Jahan and Adar
Everyone laughed and Cook came in with a large platter of tender, savory lamb while his helpers brought the dal and rice. The table filled with excitement and the delight sounds of a good meal. Everyone was happy.
Except Bapsi. She looked at the clock. An hour had passed since when Jahan and Adar were expected home. She couldn’t eat. She couldn’t sit. She hurried to the open window, squinting to see who was coming down the road, listening for her phone to ring. Mother had said Bakrid had begun. Could something have happened to Jahan at the festival? Is Adar safe? There was so much acrimony between the Hindus and the Muslims. What if a hooligan caused trouble? Started a fight? What if Adar was lost in the crowd? No one would know the boy was neither Hindu nor Muslim. No one would know he’s a neutral Parsi.
Dastan Uncle paused for a moment from his lamb dinner. “Aban,” he said to Father. “What was that headline about the bomber? You said she was different.”
“She was Canadian,” Father said. “She destroyed an oil-producing facility.”
“Was she one of those Black Widows?” Dastan Uncle said, referring to the female suicide bombers in Moscow.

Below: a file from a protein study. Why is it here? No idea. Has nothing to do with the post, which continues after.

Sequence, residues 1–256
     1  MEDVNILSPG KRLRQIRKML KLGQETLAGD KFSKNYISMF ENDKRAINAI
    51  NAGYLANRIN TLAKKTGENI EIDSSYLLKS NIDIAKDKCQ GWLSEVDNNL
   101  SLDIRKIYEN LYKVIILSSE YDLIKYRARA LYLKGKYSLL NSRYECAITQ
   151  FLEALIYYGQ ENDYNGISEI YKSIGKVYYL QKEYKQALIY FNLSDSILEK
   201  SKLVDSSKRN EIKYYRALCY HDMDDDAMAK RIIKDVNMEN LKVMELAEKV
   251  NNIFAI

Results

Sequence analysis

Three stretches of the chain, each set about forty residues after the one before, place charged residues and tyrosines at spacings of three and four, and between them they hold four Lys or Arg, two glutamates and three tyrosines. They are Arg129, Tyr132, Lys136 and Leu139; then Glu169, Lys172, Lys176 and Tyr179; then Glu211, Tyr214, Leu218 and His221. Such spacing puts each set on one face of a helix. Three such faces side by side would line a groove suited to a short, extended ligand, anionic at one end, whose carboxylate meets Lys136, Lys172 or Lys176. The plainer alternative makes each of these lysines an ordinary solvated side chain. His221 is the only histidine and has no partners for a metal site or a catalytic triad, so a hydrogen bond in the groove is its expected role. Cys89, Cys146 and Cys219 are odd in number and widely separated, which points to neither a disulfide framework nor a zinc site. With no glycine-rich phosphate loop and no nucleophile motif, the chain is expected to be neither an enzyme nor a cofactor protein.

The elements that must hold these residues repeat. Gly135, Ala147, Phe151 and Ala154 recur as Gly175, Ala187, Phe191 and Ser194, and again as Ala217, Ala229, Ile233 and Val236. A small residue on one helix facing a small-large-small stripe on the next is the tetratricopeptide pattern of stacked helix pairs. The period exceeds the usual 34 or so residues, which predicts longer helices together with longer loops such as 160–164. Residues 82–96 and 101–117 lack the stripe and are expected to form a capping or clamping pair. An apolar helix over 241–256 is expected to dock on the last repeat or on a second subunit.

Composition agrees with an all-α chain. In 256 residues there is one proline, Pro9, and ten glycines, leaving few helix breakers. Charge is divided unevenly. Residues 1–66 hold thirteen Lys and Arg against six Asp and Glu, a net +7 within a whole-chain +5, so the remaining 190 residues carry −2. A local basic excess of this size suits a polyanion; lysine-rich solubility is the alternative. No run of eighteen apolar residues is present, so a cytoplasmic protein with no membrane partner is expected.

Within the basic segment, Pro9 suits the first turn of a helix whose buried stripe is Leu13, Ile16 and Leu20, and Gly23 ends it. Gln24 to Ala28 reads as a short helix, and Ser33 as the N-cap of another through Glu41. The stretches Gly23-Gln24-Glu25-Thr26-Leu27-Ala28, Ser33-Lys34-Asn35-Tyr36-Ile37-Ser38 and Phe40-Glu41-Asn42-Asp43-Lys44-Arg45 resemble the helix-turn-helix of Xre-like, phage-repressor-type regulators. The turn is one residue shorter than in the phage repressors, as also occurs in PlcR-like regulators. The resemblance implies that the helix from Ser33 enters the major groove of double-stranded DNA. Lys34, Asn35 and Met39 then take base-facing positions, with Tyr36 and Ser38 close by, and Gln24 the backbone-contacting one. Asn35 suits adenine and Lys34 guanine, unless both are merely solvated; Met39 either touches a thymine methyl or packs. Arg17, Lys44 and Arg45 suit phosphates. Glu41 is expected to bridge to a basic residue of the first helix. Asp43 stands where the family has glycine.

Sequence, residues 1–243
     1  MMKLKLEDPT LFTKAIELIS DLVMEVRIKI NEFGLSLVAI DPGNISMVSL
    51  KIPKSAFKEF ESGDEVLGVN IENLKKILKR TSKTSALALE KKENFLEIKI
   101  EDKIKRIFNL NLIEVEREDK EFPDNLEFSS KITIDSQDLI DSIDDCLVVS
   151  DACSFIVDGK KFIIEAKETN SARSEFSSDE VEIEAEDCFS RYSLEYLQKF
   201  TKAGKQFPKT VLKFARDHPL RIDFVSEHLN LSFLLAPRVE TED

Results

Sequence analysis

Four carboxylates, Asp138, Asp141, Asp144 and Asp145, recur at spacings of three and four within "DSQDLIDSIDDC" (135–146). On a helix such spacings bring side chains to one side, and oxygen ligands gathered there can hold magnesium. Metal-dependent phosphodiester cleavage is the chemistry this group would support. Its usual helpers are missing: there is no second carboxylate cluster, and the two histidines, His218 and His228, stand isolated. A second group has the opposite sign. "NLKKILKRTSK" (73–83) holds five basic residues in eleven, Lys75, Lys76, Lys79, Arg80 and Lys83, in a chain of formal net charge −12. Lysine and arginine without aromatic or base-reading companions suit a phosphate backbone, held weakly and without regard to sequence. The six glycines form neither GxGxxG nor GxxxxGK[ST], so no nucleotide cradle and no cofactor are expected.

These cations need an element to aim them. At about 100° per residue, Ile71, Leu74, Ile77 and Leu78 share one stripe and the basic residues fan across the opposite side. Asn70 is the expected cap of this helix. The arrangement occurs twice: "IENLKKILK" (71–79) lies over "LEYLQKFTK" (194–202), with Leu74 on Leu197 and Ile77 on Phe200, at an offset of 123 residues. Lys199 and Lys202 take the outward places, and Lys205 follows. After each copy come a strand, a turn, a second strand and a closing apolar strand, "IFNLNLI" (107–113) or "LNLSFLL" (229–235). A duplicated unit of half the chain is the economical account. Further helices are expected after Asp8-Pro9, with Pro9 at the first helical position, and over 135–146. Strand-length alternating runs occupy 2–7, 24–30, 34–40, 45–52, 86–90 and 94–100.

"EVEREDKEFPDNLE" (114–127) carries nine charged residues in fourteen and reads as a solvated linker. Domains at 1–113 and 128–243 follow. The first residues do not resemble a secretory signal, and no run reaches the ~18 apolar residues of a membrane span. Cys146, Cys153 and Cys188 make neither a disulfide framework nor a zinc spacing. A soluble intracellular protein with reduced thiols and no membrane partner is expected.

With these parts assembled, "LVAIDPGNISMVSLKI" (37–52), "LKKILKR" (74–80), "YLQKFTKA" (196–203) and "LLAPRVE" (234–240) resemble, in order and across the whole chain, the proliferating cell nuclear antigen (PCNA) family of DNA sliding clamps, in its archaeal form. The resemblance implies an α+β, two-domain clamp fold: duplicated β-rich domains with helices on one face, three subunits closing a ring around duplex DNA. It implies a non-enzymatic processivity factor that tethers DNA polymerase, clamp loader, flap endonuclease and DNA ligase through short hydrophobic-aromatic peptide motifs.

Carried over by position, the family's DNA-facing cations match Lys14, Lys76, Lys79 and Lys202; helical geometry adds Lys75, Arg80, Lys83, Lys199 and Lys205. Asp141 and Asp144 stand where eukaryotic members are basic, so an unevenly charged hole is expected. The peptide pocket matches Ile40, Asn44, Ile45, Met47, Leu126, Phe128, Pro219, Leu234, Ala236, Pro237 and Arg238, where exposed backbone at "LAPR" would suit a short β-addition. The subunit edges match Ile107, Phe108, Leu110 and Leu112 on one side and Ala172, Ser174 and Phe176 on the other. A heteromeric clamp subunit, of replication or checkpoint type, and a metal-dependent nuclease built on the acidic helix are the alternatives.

“How could that girl be a Black Widow?” Father said. “They were Chechen. This woman was Canadian. She wasn’t even Muslim!”
Still standing at the window, Bapsi snapped at her father. “Not all Muslims are terrorists!” Father stared at her, shocked. Everyone was shocked. She’d never spoken disrespectfully to him or any member of the family before. Bapsi winced as she checked her cell phone again. No calls. No messages. Tears filled her eyes. “I apologize,” she choked. Father went to the window and embraced her.
“Jahan switched off his phone,” he said. “That’s all.”
“They lost track of time,” Mother said. “They’ll be here soon. Bapsi, please, come and eat. Your dal is getting cold. Cook made it just the way you like it.”
Father returned to the table and Bapsi followed. She picked at her meal as Goolrookh gave more details about the woman bomber in Canada. “Everyone at school was talking about it. It’s all over the internet.”
“I heard she was a red Indian,” Auntie said, placing another large spoonful of dal on her plate.
“Native American,” Goolrookh said.
Auntie looked confused. “How can she be a Native American if she’s Canadian?”
Goolrookh rolled her eyes. “Red Indian isn’t PC, Mother.”
“PC? PC? What’s PC?” Auntie said, shrugging and waving her hands. “It makes no sense.”